You can find a searchable archive, by title or author, of books online at the On-Line Books Page. Tons of classics here, all downloadable for free.

BookWire is chock full of book reviews.

If you are a fan of the Jewish cowboy (who is also a former Peace Corps volunteer), check out The Kinky Friedman Page

You can also read an online interveiw with the Kinkster at London Calling - Music Kinky. The list of his favorite things is not quite the same as those found in “The Sound of Music”.

CD's and Tapes

For tape and CD browsing, check out World Wide Music: CDs, Cassettes and More!... It's a good source for your favorite third world music artists.

If you came to love the pop music of your host country..... be sure to check Roots World out!

Richard Dobson is an RPCV and country music singer. This page has clips from several of his songs in mp3 format.

Phil Ochs may have had bizarre politics, but he sure wrote some beautiful songs.

Television

Anything good on the boob tube in the next few days? Check out ClickTV and see.

Movies

The Movie Review Query Engine lets you search the net for a review of your favorite films. I tried it on the recent Sean Connery film “A Good Man in Africa”, and it came up with five well written reviews.

If you're a fan of Roger Ebert (he's the short one), you can access a database of Roger Ebert Film Reviews.

If you enjoy movies (and who doesn't?) Boxoffice Magazine is a fine 'zine with articles, interviews, and a huge library of reviews of recent films.

James Berardielli is an electrical engineer in New Jersey whose web site, Reel Views, contains over 1,000 movie reviews that are generally well written and informative.

The Internet Movie Database not only rates movies, but includes classic quotes, actors, and so forth for some of them.

Visit the Movie Critic Rate-O-Matic, which starts out by asking you to rate 12 movies you have seen, and then makes judgements about whether you will like other films. It also tells you how others like those films. (Can a computer really guess which films you would like? The New York Times described it as “surprisingly accurate”.)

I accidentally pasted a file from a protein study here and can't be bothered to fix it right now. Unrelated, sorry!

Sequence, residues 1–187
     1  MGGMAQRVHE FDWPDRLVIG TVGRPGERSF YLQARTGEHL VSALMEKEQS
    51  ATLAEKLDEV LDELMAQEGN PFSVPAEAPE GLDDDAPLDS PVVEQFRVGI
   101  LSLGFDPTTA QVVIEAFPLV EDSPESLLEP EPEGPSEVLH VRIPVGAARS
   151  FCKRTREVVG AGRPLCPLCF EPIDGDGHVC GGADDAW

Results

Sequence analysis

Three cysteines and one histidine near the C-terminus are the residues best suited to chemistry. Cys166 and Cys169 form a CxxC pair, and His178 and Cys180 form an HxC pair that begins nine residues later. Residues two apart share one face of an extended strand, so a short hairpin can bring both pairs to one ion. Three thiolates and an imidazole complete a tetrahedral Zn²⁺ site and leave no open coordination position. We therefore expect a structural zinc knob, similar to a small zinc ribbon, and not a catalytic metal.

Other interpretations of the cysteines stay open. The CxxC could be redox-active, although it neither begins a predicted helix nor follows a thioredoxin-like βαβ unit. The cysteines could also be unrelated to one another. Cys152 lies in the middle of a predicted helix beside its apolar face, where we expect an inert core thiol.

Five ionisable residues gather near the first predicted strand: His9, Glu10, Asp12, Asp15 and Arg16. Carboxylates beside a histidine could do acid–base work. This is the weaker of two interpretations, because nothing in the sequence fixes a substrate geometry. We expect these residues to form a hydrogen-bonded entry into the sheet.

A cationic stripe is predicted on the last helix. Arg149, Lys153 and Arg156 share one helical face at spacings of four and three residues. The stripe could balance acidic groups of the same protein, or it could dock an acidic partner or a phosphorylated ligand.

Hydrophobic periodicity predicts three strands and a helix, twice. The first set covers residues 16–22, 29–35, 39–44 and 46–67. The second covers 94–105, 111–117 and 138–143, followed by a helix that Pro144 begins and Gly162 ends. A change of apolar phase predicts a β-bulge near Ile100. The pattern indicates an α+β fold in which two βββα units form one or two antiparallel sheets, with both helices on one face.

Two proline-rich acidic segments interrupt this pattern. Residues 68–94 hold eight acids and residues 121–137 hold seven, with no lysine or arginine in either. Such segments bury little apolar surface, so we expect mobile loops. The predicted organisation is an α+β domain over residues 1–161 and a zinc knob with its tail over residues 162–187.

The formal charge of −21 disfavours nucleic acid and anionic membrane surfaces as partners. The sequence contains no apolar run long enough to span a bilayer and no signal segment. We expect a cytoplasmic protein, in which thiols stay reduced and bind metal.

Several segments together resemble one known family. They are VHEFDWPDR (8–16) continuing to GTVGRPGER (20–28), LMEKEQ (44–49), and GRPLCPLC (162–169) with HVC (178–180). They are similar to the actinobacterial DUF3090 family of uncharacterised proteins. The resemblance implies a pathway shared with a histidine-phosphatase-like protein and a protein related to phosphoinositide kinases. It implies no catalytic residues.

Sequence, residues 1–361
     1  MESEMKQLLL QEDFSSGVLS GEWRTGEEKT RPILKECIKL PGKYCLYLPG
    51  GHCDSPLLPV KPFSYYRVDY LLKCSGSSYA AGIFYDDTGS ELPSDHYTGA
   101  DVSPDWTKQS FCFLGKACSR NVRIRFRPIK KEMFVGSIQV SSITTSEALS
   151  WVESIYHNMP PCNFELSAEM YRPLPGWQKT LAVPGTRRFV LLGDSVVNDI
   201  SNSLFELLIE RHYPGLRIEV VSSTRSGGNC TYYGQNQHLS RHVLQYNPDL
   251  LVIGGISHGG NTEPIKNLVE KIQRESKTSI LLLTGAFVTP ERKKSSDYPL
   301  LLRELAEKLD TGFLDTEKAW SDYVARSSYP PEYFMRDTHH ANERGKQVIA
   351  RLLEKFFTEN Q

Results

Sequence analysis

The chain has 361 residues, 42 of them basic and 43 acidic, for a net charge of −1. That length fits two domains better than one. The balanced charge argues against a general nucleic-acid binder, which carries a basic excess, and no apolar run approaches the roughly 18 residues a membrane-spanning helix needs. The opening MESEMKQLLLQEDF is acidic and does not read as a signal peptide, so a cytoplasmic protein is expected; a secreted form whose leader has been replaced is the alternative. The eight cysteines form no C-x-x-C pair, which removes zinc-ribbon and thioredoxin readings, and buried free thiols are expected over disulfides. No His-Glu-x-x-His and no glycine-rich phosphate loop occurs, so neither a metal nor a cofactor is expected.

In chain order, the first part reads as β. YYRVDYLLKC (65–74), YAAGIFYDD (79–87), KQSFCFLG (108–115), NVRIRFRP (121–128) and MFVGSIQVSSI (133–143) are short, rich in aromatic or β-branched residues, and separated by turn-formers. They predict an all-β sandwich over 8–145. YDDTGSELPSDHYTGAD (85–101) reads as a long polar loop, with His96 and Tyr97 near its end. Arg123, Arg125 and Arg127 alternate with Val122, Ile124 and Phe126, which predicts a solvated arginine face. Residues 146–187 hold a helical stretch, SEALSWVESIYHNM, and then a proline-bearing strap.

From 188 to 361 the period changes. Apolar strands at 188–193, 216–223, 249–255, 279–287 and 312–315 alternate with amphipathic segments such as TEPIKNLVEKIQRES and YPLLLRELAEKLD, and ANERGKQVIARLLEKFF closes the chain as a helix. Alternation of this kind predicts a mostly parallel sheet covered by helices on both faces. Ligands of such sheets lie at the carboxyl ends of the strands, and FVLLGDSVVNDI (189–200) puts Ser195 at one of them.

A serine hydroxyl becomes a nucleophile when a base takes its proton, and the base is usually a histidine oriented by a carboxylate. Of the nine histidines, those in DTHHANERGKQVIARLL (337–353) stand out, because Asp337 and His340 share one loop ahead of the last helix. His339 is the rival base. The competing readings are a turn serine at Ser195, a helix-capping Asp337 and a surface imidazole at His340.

Visit the Movie Snapshot for brief descriptions plus ratings (on a one to four bag of popcorn scale) of what appears to me to be virtually every movie made since 1994, including those currently in theaters. This is not an amateur site!

The Picture Palace allows you to purchase film and music videos online with an extensive database to search. It also has profiles of “must see” movies, some of which you may never have heard of.

Back to the Table of Contents for this page...

Back to the Peace Corps Crossroads Home Page Table of Contents


6. Web and Computer Related Sites

HOT! I've tried a few different default home pages for my browser, but I like my Excite Home page the best (at least for now.) It's got news, movie reviews, the Excite search engine, and more all on one page. What's best, you can create your own customized page, that will show only the categories of news you are interested in, listings of the tv channels you watch, and even the prices of any stocks you may follow! (If you use Netscape, you can change your default home page under the Options - General Preferences - Appearance - Startup section. I'm sure MSIE users can do it as well, though I don't know how offhand.)

You can make some nice greeting cards, party invitations, and other print projects using the resources available on Printsville, a part of Hewlitt Packards web site.

Looking for free clip art? Check out the Clip Art Connection.

Net Surfing Tools

Here's a handy little tool for seaching the web: Search Thingy.

If you want to learn the secrets of the search engines, check out Search Engine Watch.

HOT! Check out the Ferret Brothers -- three great freeware products for doing various types (WWW, News, and Email address) of searches. (A former PC Crossroads Download of the Month!)

The Liszt Database is the place to look for a listserver devoted to your arcane interest.... it has a directory of over 55,000! (I did a search on science fiction, and it came up with sixteen groups.) It will also walk you through the process of subscribing to a group.

HOT! For good software downloads, I have two favorite sites: Nonags and ZDNet Downloards. The advantage of Nonags is that none of the software will nag you to send anyone money!

You can find a list of the top 100 most visited sites at Hot 100 Web Sites Updated Weekly.

HOT! Most “sites of sites” (the PC Crossroads included) categorize and subcategorize and sub-subcategorize. But the Big Eye is an uncategorized archive of carefully selected Websites”. Sounds odd, but uncategorized makes it kind of fun. For example, among its 1,000 eclectic sites you'll find a Winnie-the-Pooh link close by a link to a site that debunks the Chief Seattle Hoax, with a site in between (the Skeleton Closet) that dishes out dirt on just about every politician in DC (from the Newt to Ralph Nader). And yes, the Big Eye has a link to The Peace Corps Crossroads! Great background music, as well.